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McConnell House

McConnell House
Okanagan Falls BC
2006
1850 SF

 

This compact, rugged house is situated in one of the hottest, driest regions in Canada. Okanagan Falls is located at the south end of Skaha lake, a natural threshold between the Okanagan Valley and the arid Osoyoos valley. For 100 years this climate has been ideal for growing fruit, which has created a distorted image of the region as plentiful and benign. The reality is that anything untended or neglected dies or decays quickly. 

The location for this house is on a steep slope, uphill from a narrow road. The upper reaches of the site afford long views across Skaha Lake. The immediate context is semi-rural / suburban, sandwiched between the lake and an active orchard. To locate a garage within the house’s bulk would have involved a switchback driveway, and would have involved completing paving the front half of the site. Instead, the garage is embedded into the lower slope of the site, covered with soil and native grasses. It is an open-air carport, shadowy and quiet.

The form and expression of this house is inspired by the solitary siting of shacks and outbuildings, paired with the weathered patina of a well-used fruit crate. Wood slats that keep fruit from rotting become slats for filtering light and filtering views. By removing the ubiquitous driveway from the house’s periphery, the embedded bulk of the house assumes an indifferent and casual stance. Up a long flight of stairs is a parting between a concrete plinth and a concrete wall. Further ahead, the grade levels off at an artificial courtyard carved out of the site’s section. The lower level pinwheels around this static central courtyard, with one singular purpose master bedroom suite, and two multipurpose office/guest rooms. Mirroring the large entry courtyard is a minor courtyard off the master bath, allowing outdoor showering with total privacy from the street below.

A simple glue-laminated timber roof structure holds up a simple roof with deep eaves. Glue-laminated beams act as combination guards / structural cantilevers for the large upper level deck, which hovers above the entry and lower level plinth. A small deck off the kitchen collects early morning light, around the corner from a wood screen on the kitchen’s south wall that filters hot noon sun.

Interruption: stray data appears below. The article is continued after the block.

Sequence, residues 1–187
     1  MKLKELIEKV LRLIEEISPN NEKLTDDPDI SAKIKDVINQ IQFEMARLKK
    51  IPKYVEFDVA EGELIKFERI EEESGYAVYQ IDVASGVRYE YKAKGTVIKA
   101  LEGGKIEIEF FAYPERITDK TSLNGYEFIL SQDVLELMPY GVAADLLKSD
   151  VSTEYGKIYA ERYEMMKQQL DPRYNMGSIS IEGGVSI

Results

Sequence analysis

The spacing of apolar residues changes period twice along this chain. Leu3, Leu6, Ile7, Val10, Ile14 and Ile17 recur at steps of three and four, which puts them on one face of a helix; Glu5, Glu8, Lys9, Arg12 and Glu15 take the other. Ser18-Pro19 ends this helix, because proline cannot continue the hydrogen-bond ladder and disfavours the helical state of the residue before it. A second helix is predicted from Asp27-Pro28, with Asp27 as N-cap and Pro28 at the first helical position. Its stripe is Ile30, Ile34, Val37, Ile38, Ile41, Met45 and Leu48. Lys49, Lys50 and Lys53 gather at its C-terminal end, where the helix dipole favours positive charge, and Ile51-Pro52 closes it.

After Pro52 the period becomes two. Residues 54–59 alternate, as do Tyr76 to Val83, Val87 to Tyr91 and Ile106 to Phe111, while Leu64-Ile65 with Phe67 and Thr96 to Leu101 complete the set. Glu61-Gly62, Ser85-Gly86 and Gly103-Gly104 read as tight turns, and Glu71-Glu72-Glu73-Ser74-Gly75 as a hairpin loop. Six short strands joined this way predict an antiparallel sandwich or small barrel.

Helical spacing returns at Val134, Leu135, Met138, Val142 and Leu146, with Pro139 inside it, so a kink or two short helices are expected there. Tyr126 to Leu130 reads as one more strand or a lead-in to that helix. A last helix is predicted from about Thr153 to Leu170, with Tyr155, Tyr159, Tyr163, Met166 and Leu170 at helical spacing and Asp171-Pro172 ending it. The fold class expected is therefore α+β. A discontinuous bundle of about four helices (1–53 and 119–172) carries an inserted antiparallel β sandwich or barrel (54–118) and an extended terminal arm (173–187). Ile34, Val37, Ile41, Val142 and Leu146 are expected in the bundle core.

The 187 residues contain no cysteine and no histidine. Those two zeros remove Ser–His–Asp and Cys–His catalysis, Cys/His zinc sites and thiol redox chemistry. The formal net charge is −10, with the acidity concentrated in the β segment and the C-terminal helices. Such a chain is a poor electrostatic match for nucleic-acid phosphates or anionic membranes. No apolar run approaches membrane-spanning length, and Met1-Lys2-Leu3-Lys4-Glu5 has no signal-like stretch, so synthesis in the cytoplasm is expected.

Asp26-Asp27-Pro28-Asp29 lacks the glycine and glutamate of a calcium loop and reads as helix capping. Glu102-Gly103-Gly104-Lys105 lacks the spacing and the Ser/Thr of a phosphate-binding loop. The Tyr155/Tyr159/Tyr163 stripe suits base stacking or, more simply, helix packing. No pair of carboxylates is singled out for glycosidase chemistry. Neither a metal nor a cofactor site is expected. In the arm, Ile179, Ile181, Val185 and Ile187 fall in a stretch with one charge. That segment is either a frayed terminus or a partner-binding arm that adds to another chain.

The bathroom and storage functions on the upper level are combined as one large pod, acting as a buffer from the house to the north. Infilling this elevation of the house that had no redeeming views creates a solid shoulder that the house is spun from, allowing floor to ceiling windows on all other elevations.

The house's plinth and courtyard will be articulated with crude poured-in-place concrete, containing the wood-framed floors and roof. Dust and wear can slowly work away at this concrete base, offering durable protection to the more vulnerable and delicate structural components. The house is very small, benefiting from overlapping uses on the lower level. The conscious decision was to build a dense and solid house, at the expense of wasted space and elaborate expression of the construction connections. By embracing decay and erosion, this house will develop a patina that puts it at ease in this tough climate, becoming more and more aligned with the industrial-agricultural material culture of the region over time.